Moral of the story? Stop pressuring women, you are doing lasting damage emotionally and mentally to women, and this will not assist their ability to raise children. We must look after each other whatever we choose to do, we must care for the children and those raising children, and support each other. We must love ourselves, we must love each other.

Thank you for listening to me.


Want to share your story? Email me at formulafeeders@gmail.com

FFF Friday: “I was too crunchy to formula feed.”

This is a pretty diverse community, but there seem to be two common narratives that ring true for most FFFs. Either they always planned to formula feed, or they always planned to breastfeed. Very few hadn’t given their feeding method much thought, prior to giving birth. In the latter storyline, the narrator typically has a healthy amount of Best Laid Plans, and has to redefine her expectations, beliefs, and often her own concept of “good mothering” when those plans fall through. 

I love reading these stories, because to me, they are an allegory about parenting. Things never go as planned, with kids. Or with pregnancies, for that matter. Or hell, with life. Strength, to me, is learning how to bend without breaking.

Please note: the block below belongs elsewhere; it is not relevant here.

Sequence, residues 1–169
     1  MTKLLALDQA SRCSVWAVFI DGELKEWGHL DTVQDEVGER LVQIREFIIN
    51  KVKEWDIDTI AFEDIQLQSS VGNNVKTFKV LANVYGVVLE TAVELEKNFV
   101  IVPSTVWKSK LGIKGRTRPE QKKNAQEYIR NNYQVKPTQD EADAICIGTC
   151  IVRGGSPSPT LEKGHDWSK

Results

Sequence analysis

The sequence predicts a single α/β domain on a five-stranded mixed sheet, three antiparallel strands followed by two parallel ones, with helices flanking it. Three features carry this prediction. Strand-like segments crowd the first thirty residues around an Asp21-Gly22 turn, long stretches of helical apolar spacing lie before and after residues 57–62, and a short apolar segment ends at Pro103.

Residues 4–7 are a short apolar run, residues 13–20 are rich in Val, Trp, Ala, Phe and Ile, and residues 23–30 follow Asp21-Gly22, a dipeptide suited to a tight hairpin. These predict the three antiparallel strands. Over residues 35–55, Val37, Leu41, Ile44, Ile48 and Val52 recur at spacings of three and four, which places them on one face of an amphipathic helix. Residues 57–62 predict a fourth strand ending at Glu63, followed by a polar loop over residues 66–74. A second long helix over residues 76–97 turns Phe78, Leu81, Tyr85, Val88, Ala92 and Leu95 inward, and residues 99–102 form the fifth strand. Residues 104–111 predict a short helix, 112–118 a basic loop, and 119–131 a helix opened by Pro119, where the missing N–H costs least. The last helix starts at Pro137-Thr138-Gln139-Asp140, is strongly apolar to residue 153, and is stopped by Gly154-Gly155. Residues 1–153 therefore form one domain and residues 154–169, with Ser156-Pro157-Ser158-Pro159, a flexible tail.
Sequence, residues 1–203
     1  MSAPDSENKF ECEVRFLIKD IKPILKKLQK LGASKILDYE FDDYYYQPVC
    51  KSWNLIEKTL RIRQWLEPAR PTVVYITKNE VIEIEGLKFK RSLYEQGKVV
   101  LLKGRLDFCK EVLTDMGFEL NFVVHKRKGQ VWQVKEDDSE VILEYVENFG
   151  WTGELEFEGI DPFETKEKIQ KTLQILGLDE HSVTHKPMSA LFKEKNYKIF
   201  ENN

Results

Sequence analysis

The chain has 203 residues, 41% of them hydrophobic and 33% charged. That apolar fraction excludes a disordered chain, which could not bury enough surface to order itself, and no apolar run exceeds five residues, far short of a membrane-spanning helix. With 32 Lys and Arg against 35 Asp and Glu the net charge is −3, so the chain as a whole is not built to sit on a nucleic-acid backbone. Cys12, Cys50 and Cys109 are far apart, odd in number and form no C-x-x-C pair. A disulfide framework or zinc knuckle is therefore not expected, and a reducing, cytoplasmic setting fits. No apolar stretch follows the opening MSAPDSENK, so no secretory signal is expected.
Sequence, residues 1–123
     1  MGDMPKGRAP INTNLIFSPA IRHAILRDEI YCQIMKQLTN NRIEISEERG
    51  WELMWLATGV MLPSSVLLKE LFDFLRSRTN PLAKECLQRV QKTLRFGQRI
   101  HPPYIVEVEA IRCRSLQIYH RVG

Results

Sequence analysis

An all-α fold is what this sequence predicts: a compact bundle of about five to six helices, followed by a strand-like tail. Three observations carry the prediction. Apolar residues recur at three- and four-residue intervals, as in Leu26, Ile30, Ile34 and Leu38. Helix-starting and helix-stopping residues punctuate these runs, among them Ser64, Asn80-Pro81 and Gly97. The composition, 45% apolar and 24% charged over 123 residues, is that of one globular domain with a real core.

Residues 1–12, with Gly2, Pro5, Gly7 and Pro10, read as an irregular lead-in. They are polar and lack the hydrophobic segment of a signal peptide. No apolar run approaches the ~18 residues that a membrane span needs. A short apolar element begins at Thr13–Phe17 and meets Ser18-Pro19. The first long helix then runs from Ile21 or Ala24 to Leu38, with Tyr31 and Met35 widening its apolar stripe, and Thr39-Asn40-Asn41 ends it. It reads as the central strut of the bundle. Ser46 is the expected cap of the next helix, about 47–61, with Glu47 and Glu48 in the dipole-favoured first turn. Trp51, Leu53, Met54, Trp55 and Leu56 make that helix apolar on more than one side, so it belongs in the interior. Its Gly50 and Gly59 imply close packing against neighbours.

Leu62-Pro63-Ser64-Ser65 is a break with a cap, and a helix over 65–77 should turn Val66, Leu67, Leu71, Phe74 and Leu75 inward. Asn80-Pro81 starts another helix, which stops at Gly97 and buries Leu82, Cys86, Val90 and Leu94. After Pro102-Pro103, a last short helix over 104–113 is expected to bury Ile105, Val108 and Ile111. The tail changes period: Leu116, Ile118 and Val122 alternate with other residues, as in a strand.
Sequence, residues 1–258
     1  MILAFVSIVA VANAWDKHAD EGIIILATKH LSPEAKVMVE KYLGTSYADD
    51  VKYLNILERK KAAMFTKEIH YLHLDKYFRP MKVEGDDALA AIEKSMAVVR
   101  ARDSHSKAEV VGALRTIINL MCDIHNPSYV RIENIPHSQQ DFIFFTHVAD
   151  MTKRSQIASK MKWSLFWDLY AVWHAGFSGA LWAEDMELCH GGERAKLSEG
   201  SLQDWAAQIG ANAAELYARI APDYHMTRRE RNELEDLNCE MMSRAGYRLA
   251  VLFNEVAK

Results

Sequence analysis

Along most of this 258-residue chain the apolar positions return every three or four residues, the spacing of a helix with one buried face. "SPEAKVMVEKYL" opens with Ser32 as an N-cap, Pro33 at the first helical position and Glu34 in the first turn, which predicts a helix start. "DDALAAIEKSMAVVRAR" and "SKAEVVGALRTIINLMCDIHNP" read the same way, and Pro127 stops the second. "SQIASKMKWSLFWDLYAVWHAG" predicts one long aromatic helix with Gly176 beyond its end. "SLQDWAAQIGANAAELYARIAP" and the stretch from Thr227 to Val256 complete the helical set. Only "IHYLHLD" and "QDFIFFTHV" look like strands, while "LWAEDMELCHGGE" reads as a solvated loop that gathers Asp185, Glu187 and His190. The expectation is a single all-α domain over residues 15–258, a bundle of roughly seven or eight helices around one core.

Lana’s story is one of these. I don’t know if she’s realized how strong she is, but I hope she has. I hope you all know how strong, smart and capable you truly are. 

Happy Friday, fearless ones,


Lana’s Story

I’ve spent the better part of my young adult life preparing to be super mom. I was a Nanny to three children, I babysat every age of child and infant I could lay my hands on- doing everything from teaching them to eat, potty training, sleep- you name it- I wanted to do it before I had my own child. I got my degree in early childhood education and immersed myself in child development research. When I got pregnant I enthusiastically signed up for Bradley Method classes- I was going to do this without drugs, without any of the awful stuff I’d read about over the years.  I had firmly identified as “crunchy”- I was cloth diapering, natural birthing, breastfeeding, babywearing- I had this whole “baby” thing nailed.


And I did. I gave birth without drugs and totally rocked it. My son latched 2 minutes after birth with a latch my nurse said was “the most perfect first latch I’ve ever seen.” He was perfect. And I was going to do right by him. He was put straight into cloth diapers, and I kept him skin to skin nursing as much as I could. Those first two days were awesome- I had become what I’d spent so much time preparing for.


And then we brought him home and it all fell violently apart. His first day home he screamed non-stop, an nursed non-stop. He never seemed satisfied. We ended up in the emergency room 72 hours after birth because I was certain something was horrifically wrong- only to be told my baby was dehydrated. I continued to nurse, refusing to give him formula.